A mill worth 50s. belonged to the manor at the time of the Domesday Survey, (fn. 38) but is not mentioned again.
At the time of the Domesday Survey SOUTH CHARFORD belonged to Hugh de Port. (fn. 39) On the death of his descendant Edmund de St. John in 1349 the reversion of two knights' fees in the New Forest, South Charford, Avon and other places, after the death of his widow Elizabeth, was assigned to his elder sister Margaret and her husband, John de St. Philibert. (fn. 40) After that date there is no further mention of the overlordship until 1513, when it belonged to the Prior of Breamore. (fn. 41) In 1639 the manor was said to be held of the king as of the late priory of Breamore, (fn. 42) but from that date the overlordship seems to have lapsed.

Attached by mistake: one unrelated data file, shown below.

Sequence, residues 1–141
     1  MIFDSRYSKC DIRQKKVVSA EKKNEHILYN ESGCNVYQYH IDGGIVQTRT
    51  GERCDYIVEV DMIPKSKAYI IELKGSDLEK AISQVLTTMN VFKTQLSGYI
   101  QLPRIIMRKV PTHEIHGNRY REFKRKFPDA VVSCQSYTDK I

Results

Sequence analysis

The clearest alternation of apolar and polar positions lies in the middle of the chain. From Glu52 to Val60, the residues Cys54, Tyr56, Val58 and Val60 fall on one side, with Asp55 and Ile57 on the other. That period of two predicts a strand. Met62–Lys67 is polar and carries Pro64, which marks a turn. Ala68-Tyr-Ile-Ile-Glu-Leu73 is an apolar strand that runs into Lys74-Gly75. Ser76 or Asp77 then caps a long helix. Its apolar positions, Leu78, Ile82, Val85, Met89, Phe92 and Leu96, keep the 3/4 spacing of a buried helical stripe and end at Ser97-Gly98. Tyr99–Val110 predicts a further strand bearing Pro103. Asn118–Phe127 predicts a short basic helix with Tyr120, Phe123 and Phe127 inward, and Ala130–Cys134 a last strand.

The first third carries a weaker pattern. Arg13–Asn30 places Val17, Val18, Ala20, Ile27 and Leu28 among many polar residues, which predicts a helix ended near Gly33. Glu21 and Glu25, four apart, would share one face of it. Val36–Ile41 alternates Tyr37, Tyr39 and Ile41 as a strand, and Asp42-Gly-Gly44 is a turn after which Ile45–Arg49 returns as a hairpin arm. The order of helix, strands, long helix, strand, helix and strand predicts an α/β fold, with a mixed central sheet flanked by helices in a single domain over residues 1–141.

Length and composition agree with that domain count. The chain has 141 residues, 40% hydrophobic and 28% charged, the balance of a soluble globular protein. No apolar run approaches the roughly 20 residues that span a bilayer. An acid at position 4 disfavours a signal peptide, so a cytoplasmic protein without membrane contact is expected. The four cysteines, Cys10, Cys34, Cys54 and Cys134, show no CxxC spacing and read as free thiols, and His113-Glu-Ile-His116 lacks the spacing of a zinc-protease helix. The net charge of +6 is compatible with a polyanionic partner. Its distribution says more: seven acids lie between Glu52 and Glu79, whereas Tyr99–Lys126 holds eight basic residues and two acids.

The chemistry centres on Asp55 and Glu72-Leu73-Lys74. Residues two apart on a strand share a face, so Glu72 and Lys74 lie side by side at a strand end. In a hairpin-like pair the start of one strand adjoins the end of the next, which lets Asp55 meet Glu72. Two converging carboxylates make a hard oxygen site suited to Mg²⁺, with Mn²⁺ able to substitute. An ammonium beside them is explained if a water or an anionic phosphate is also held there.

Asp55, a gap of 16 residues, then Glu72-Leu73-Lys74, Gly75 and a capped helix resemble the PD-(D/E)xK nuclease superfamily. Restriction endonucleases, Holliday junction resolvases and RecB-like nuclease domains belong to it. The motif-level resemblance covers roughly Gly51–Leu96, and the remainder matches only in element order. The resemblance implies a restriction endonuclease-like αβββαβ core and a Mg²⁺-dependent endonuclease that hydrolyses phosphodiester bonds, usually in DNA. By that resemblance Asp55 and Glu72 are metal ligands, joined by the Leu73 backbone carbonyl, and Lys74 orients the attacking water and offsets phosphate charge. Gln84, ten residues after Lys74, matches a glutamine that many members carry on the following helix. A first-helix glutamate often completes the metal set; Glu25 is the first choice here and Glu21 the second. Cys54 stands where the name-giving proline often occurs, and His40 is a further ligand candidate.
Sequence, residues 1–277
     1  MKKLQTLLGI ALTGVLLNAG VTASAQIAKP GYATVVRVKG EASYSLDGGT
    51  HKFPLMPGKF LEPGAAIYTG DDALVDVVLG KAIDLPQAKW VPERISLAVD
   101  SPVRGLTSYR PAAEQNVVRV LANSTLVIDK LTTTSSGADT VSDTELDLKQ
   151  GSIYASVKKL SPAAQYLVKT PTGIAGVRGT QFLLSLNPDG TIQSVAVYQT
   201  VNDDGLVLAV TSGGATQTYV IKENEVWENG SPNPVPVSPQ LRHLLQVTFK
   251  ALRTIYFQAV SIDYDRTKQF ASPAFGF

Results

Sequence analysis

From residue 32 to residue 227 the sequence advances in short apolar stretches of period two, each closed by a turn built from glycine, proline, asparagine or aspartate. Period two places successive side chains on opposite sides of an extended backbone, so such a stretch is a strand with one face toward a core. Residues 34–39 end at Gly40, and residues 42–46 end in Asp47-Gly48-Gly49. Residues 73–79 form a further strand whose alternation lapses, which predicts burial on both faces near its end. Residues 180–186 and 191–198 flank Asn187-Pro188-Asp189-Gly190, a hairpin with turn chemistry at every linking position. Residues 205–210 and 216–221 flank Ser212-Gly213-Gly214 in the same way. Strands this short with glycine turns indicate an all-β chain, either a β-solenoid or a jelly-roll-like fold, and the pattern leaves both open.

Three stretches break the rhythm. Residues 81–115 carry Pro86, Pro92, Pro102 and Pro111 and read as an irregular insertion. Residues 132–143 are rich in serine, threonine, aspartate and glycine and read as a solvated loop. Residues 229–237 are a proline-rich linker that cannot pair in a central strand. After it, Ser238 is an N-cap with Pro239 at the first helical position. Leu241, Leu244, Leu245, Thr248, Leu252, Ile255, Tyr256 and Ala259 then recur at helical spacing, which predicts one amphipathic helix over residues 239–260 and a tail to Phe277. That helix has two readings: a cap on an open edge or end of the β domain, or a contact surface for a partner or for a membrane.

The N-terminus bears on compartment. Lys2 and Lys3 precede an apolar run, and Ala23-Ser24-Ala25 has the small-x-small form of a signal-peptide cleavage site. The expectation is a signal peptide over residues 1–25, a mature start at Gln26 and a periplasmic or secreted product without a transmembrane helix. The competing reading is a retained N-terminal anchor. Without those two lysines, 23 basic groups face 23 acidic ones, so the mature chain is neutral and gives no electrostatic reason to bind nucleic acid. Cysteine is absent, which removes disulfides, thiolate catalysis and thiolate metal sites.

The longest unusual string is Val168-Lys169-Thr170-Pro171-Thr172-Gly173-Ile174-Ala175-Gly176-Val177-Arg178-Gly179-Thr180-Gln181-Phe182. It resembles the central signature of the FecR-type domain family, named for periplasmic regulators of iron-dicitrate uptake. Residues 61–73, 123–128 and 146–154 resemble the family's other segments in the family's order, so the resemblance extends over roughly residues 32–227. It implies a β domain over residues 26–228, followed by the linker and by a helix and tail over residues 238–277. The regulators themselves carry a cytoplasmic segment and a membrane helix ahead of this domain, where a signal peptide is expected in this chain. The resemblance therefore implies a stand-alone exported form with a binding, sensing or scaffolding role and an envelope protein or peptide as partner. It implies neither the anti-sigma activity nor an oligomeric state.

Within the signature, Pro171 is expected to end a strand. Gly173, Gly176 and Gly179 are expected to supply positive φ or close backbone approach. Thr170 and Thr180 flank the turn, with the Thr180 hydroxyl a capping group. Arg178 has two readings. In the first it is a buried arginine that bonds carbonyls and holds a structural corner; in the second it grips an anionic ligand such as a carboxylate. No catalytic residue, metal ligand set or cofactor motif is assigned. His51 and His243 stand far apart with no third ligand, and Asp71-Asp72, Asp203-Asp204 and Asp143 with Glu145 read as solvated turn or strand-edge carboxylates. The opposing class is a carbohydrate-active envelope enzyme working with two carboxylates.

The manor was held of Hugh de Port by William de Chernet, who had succeeded the two free men holding it of Edward the Confessor. (fn. 43) It remained in his family for over 200 years, belonging to Hugh de Chernet in 1166, (fn. 44) and later to John de Chernet, (fn. 45) who before 1271 was succeeded by Geoffrey de Chernet, probably his son, (fn. 46) who was holding in 1280. (fn. 47) In 1293 Iseult de Chernet was dealing with the manor, (fn. 48) which passed by inheritance or purchase to Oliver de la Zouche, who in 1305 received a grant of free warren in South Charford and ' la Hyde.' (fn. 49) John de la Zouche, probably his son, (fn. 50) was holding in 1316 and in 1326 settled the manor on himself and Eleanor his wife with reversion to their son Oliver and Isabel his wife. (fn. 51) Oliver succeeded to the manor after 1349, (fn. 52) but before 1428 had evidently sold it to Sir John Popham. (fn. 53) The latter, who served in France under Henry V and the Duke of Bedford, (fn. 54) settled the manor in 1459 on Alice wife of William Herteshorn and daughter of John Malyns, with reversion to her daughter Elizabeth wife of Charles Bulkeley. (fn. 55) It thus came into the possession of the Bulkeleys and followed the descent of Burgate in Fordingbridge (q.v.) until 1600, (fn. 56) when John Bulkeley conveyed it to Hugh Grove. (fn. 57) However, Sir William Dodington was holding in 1624, (fn. 58) and five years later settled it on his son Herbert on his marriage with Elizabeth daughter of John Colles. (fn. 59) Herbert Dodington died childless in 1633, (fn. 60) and his father, who survived, held the manor until his death in 1638, when it passed to his younger son John. (fn. 61) The latter left two daughters: Margaret, who married Sir Thomas Hannan but died childless, and Anne, (fn. 62) who married firstly Robert Greville fourth Lord Brooke of Beauchamp, by whom she had two daughters, (fn. 63) and secondly Thomas Hoby. (fn. 64) South Charford passed by sale or settlement to Fulke Greville fifth Lord Brooke, brother of Anne's first husband, and remained in his family until 1747–8, (fn. 65) when Francis Lord Brooke sold his Hampshire estates under a Private Act of Parliament. (fn. 66) South Charford passed to Henry Archer and has since followed the descent of North Charford (fn. 67) (q.v.), the present owner being Mr. John Coventry.